The incidence of reported cases of tickborne diseases in the United States has significantly increased in recent years. It is expected to continue to grow as tick species expand their geographical reach and new tick-transmitted pathogens emerge, raising the potential for serious human illness and death. A new strategic research plan from the National Institutes of Health aims to build on — and accelerate — new and existing research initiatives to improve scientific understanding of ticks and the pathogens they may transmit and to develop the necessary tools and strategies to better diagnose, prevent and treat tickborne diseases.
What does an anti-alcoholism drug have to do with Lyme disease? Nothing—until a 2016 study funded by Bay Area Lyme Foundation found a link.
I’m the author of “BITTEN: The Secret History of Lyme Disease and Biological Weapons,” and I’d like to discuss some of the points you raised in your article in “The Conversation.”
First, I heartily agree that the Lyme bacterium, Borrelia burgdorferi, would be an “unlikely weapon.” This organism reproduces very slowly and it can’t be mass produced in large volumes like other tick-borne agents, such as Tularemia. The evidence laid out in BITTEN leads us to believe that a different organism, likely a rickettsia-viral hybrid, was made more virulent by military scientists and that Willy was asked to cover it up. As with this article, the Lyme bacterium, first described in a journal in 1982, appears to be a convenient misdirection to what the military doesn’t want us to see.
I strongly disagree your statement that “the most important characteristics of a biowarfare agent is its ability to quickly disable target soldiers.” In 1953 the U.S. biological weapons program started weaponizing fleas, ticks, and mosquitoes by infecting them with either lethal or slow-acting incapacitating microbes, depending on the military objective.
The Army explained: “In 1953 the Biological Warfare Laboratories at Fort Detrick established a program to study the use of arthropods for spreading anti-personnel BW agents. The advantages of arthropods as BW carriers are these: they inject the agent directly into the body, so that a mask is no protection to a soldier, and they will remain alive for some time, keeping an area constantly dangerous.” Source: U.S. Army Chemical Corps, “Summary of Major Events and Problems (Fiscal Year 1959),” Rocky Mountain Arsenal Archive.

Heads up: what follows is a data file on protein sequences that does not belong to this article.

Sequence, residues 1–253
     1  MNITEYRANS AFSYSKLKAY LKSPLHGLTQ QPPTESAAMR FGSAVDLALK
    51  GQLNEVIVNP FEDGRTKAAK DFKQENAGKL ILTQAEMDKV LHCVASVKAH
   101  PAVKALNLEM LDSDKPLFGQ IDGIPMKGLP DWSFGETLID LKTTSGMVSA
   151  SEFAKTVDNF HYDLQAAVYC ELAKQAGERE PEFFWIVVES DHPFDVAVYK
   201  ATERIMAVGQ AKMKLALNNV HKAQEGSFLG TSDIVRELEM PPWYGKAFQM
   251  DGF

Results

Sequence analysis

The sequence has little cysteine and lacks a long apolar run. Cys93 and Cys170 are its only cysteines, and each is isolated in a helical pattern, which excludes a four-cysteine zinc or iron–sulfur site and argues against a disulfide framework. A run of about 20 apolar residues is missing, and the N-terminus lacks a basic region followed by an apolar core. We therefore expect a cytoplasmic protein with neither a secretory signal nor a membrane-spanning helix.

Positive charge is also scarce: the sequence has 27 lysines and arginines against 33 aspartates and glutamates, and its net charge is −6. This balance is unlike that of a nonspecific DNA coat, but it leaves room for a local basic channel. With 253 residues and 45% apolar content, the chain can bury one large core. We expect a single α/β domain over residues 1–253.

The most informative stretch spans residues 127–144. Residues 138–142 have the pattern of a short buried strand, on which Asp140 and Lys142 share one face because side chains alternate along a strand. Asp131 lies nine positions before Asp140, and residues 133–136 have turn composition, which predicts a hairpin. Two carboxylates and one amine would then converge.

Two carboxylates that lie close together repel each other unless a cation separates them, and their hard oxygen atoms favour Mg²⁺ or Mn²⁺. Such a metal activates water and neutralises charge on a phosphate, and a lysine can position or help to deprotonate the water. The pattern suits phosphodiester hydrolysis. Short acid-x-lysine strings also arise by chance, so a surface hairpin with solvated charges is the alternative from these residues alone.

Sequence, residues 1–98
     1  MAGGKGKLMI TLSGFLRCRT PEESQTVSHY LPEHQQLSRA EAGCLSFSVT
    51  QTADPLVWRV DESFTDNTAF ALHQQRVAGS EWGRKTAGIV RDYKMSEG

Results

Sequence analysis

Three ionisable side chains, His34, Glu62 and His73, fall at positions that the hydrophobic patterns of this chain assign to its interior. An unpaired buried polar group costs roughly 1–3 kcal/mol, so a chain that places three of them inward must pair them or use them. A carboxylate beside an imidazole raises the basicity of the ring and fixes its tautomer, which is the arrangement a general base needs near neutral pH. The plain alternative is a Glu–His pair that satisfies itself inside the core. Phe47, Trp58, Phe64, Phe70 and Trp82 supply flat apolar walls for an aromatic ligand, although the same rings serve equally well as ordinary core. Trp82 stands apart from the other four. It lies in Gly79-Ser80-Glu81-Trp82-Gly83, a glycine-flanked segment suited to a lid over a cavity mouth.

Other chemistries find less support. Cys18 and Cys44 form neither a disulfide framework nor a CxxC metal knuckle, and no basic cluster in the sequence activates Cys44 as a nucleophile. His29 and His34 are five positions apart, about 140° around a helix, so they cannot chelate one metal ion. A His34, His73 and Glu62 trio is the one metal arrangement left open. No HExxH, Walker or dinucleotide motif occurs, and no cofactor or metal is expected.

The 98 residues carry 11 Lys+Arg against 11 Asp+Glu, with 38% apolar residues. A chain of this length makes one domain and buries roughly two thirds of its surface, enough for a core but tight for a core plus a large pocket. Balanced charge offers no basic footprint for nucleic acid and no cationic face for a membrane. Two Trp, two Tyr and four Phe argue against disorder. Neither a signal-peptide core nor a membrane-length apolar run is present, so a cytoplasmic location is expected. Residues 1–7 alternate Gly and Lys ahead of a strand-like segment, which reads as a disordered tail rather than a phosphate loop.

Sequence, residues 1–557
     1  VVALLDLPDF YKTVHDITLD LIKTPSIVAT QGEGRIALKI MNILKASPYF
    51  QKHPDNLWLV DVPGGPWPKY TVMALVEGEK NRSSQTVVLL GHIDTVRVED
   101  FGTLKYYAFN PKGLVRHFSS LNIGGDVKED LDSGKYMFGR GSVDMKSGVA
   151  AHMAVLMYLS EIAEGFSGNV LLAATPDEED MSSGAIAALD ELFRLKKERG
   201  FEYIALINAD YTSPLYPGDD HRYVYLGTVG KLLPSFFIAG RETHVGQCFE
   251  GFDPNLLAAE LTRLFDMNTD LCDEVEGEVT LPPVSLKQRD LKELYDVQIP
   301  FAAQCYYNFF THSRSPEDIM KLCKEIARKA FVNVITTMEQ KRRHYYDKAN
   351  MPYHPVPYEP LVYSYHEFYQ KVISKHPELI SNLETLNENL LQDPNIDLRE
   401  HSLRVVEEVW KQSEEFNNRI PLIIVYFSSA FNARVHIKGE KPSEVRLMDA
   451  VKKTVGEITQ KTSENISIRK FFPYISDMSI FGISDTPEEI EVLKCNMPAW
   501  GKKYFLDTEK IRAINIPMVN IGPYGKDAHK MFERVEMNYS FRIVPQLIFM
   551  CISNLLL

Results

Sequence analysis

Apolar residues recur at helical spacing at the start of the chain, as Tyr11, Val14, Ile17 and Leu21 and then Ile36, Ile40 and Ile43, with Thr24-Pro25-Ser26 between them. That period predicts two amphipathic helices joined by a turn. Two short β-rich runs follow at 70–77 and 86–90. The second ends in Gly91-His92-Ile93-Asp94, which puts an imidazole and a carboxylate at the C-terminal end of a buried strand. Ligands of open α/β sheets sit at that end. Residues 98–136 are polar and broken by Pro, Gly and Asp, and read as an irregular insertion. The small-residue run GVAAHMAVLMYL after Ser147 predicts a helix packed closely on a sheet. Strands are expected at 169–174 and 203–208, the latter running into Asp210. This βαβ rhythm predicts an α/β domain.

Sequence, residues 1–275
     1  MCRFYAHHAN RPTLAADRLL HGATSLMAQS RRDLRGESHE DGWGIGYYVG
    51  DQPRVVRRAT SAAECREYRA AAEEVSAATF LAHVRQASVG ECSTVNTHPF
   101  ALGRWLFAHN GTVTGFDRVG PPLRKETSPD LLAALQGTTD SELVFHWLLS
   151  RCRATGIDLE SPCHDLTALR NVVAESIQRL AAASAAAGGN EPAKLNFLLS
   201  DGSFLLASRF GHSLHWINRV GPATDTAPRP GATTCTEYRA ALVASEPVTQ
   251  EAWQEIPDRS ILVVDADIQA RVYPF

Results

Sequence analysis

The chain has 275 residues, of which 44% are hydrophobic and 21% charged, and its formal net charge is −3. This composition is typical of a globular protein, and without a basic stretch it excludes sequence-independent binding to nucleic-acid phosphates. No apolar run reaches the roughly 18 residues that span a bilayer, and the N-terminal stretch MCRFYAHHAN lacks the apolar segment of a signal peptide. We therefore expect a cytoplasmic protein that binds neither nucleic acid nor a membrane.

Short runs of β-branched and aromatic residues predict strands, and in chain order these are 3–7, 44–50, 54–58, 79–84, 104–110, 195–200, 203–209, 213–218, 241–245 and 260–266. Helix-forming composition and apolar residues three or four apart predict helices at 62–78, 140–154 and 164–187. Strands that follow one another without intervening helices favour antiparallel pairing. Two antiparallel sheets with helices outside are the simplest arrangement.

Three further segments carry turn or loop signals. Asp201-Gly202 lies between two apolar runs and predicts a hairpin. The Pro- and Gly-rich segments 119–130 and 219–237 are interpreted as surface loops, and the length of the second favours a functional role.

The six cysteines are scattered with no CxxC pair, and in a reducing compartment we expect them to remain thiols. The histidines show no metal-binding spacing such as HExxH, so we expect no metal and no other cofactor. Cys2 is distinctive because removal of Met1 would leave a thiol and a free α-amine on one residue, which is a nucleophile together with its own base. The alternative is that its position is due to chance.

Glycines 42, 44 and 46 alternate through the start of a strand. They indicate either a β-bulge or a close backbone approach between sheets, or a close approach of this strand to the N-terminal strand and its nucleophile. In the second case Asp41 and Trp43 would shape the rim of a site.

Burgdorfer, the discoverer of the Lyme bacterium, was a key member of this project team. He worked on weaponizing ticks and teamed up with fellow tick expert James Oliver at the Ft. Detrick bioweapons headquarters to develop ways to mass produce infected ticks so that they could be dropped from airplanes on enemy territory. These claims are backed up by interviews with these scientists, as well as with extensive government documentation from multiple reliable sources, all listed in BITTEN.
You go on to say: “That Burgdorfer alluded to biowarfare or biodefense programs in interviews toward the end of his life should not be construed as an admission of participation in top-secret work.” OK, but read BITTEN to evaluate the strength of the evidence. I filmed Burgdorfer detailing these bug bomb programs and it was no “prank.” He had also made these claim to others over the years. And after my interview, I verified his claims with recently released documents, including a 1962 Memorandum to the NIH Director that says that Dr. Burgdorfer, “was engaged for 3 years on classified projects (Army) from which findings could not be published because of their impact on national defense.”
I have posted many of these supporting documents on a public site, and I look forward to carrying on this conversation, and possibly even adding a new discussion topic to your class on Biosecurity.
Why Is Lyme Disease So Hard to Understand?
In the fall of 1997, after I graduated from college, I began experiencing what I called “electric shocks”—tiny stabbing sensations that flickered over my legs and arms every morning. They were so extreme that as I walked to work from my East Village basement apartment, I often had to stop on Ninth Street and rub my legs against a parking meter, or else my muscles would begin twitching and spasming. My doctor couldn’t figure out what was wrong—dry skin, he proposed—and eventually the shocks went away. A year later, they returned for a few months, only to go away again just when I couldn’t bear it anymore.
Once a tick bites you, disease transmission can take days—or minutes. Here’s what to know.
For a tick bite to make you sick, the tick must be attached to you and feeding for a certain amount of time. For some diseases, this can take a day or more. For others, it takes just minutes.
We spoke with experts in tick biology to find out why there’s so much variation, and what you need to know to protect yourself.